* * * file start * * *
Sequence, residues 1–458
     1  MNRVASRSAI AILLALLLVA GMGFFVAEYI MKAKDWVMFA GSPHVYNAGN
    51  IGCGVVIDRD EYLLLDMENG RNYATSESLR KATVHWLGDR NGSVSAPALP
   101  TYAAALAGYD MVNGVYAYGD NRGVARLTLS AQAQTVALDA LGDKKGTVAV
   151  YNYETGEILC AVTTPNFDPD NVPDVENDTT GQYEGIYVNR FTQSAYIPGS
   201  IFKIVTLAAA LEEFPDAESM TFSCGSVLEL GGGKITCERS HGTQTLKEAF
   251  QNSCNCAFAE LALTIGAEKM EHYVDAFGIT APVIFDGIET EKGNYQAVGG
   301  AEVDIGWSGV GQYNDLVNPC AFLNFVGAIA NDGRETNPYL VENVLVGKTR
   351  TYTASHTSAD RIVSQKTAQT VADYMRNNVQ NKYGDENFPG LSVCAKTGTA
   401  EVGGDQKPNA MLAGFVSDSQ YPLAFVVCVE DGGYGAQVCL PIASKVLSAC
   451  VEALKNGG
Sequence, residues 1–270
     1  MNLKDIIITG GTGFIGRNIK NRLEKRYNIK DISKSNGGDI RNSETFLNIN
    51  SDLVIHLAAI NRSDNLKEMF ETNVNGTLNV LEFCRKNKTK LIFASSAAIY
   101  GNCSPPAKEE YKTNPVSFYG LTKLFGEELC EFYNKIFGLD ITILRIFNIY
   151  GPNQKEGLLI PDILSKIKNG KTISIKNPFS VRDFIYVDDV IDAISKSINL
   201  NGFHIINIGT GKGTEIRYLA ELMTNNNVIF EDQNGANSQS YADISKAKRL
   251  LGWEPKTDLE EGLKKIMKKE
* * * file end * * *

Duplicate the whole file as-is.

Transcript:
Sequence, residues 1–458
     1  MNRVASRSAI AILLALLLVA GMGFFVAEYI MKAKDWVMFA GSPHVYNAGN
    51  IGCGVVIDRD EYLLLDMENG RNYATSESLR KATVHWLGDR NGSVSAPALP
   101  TYAAALAGYD MVNGVYAYGD NRGVARLTLS AQAQTVALDA LGDKKGTVAV
   151  YNYETGEILC AVTTPNFDPD NVPDVENDTT GQYEGIYVNR FTQSAYIPGS
   201  IFKIVTLAAA LEEFPDAESM TFSCGSVLEL GGGKITCERS HGTQTLKEAF
   251  QNSCNCAFAE LALTIGAEKM EHYVDAFGIT APVIFDGIET EKGNYQAVGG
   301  AEVDIGWSGV GQYNDLVNPC AFLNFVGAIA NDGRETNPYL VENVLVGKTR
   351  TYTASHTSAD RIVSQKTAQT VADYMRNNVQ NKYGDENFPG LSVCAKTGTA
   401  EVGGDQKPNA MLAGFVSDSQ YPLAFVVCVE DGGYGAQVCL PIASKVLSAC
   451  VEALKNGG
Sequence, residues 1–270
     1  MNLKDIIITG GTGFIGRNIK NRLEKRYNIK DISKSNGGDI RNSETFLNIN
    51  SDLVIHLAAI NRSDNLKEMF ETNVNGTLNV LEFCRKNKTK LIFASSAAIY
   101  GNCSPPAKEE YKTNPVSFYG LTKLFGEELC EFYNKIFGLD ITILRIFNIY
   151  GPNQKEGLLI PDILSKIKNG KTISIKNPFS VRDFIYVDDV IDAISKSINL
   201  NGFHIINIGT GKGTEIRYLA ELMTNNNVIF EDQNGANSQS YADISKAKRL
   251  LGWEPKTDLE EGLKKIMKKE